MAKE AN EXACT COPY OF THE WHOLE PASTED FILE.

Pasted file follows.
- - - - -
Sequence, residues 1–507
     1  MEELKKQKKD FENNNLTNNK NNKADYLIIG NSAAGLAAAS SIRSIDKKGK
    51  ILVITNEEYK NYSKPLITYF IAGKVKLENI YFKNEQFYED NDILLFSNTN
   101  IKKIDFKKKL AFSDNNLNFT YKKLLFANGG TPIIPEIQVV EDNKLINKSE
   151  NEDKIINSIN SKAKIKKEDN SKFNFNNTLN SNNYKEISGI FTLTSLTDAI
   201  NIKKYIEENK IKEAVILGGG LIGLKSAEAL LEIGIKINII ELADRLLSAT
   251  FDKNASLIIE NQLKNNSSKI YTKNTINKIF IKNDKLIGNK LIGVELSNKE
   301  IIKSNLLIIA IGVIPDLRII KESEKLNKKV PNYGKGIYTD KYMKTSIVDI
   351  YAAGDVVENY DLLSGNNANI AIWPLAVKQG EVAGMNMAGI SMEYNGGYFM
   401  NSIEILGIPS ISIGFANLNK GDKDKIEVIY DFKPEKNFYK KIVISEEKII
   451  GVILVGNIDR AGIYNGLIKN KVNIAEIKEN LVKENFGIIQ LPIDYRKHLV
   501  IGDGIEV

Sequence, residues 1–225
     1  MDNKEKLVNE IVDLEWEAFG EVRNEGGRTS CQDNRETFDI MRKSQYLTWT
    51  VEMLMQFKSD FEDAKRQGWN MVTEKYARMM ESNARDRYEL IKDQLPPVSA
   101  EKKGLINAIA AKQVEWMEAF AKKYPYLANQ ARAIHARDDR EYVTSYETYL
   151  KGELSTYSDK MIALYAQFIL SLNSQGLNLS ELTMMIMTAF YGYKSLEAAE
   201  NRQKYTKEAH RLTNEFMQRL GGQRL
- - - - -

Sequence, residues 1–507
     1  MEELKKQKKD FENNNLTNNK NNKADYLIIG NSAAGLAAAS SIRSIDKKGK
    51  ILVITNEEYK NYSKPLITYF IAGKVKLENI YFKNEQFYED NDILLFSNTN
   101  IKKIDFKKKL AFSDNNLNFT YKKLLFANGG TPIIPEIQVV EDNKLINKSE
   151  NEDKIINSIN SKAKIKKEDN SKFNFNNTLN SNNYKEISGI FTLTSLTDAI
   201  NIKKYIEENK IKEAVILGGG LIGLKSAEAL LEIGIKINII ELADRLLSAT
   251  FDKNASLIIE NQLKNNSSKI YTKNTINKIF IKNDKLIGNK LIGVELSNKE
   301  IIKSNLLIIA IGVIPDLRII KESEKLNKKV PNYGKGIYTD KYMKTSIVDI
   351  YAAGDVVENY DLLSGNNANI AIWPLAVKQG EVAGMNMAGI SMEYNGGYFM
   401  NSIEILGIPS ISIGFANLNK GDKDKIEVIY DFKPEKNFYK KIVISEEKII
   451  GVILVGNIDR AGIYNGLIKN KVNIAEIKEN LVKENFGIIQ LPIDYRKHLV
   501  IGDGIEV

Sequence, residues 1–225
     1  MDNKEKLVNE IVDLEWEAFG EVRNEGGRTS CQDNRETFDI MRKSQYLTWT
    51  VEMLMQFKSD FEDAKRQGWN MVTEKYARMM ESNARDRYEL IKDQLPPVSA
   101  EKKGLINAIA AKQVEWMEAF AKKYPYLANQ ARAIHARDDR EYVTSYETYL
   151  KGELSTYSDK MIALYAQFIL SLNSQGLNLS ELTMMIMTAF YGYKSLEAAE
   201  NRQKYTKEAH RLTNEFMQRL GGQRL